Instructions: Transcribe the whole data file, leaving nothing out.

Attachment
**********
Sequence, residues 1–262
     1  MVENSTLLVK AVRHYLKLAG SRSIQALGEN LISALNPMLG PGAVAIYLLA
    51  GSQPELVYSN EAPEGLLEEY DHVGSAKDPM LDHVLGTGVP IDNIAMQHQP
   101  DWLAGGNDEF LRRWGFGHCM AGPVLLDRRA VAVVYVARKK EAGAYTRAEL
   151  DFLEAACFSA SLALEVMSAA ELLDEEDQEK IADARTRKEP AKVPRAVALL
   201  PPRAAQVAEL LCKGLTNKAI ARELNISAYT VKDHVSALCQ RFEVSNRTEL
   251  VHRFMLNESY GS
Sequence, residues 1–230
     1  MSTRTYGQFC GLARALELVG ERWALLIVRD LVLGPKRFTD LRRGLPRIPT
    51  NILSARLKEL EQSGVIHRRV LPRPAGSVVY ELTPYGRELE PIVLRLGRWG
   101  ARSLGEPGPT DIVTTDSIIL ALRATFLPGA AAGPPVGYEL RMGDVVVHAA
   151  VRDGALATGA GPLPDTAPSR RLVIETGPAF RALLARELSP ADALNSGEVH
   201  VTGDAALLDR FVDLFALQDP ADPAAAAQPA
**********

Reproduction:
Sequence, residues 1–262
     1  MVENSTLLVK AVRHYLKLAG SRSIQALGEN LISALNPMLG PGAVAIYLLA
    51  GSQPELVYSN EAPEGLLEEY DHVGSAKDPM LDHVLGTGVP IDNIAMQHQP
   101  DWLAGGNDEF LRRWGFGHCM AGPVLLDRRA VAVVYVARKK EAGAYTRAEL
   151  DFLEAACFSA SLALEVMSAA ELLDEEDQEK IADARTRKEP AKVPRAVALL
   201  PPRAAQVAEL LCKGLTNKAI ARELNISAYT VKDHVSALCQ RFEVSNRTEL
   251  VHRFMLNESY GS
Sequence, residues 1–230
     1  MSTRTYGQFC GLARALELVG ERWALLIVRD LVLGPKRFTD LRRGLPRIPT
    51  NILSARLKEL EQSGVIHRRV LPRPAGSVVY ELTPYGRELE PIVLRLGRWG
   101  ARSLGEPGPT DIVTTDSIIL ALRATFLPGA AAGPPVGYEL RMGDVVVHAA
   151  VRDGALATGA GPLPDTAPSR RLVIETGPAF RALLARELSP ADALNSGEVH
   201  VTGDAALLDR FVDLFALQDP ADPAAAAQPA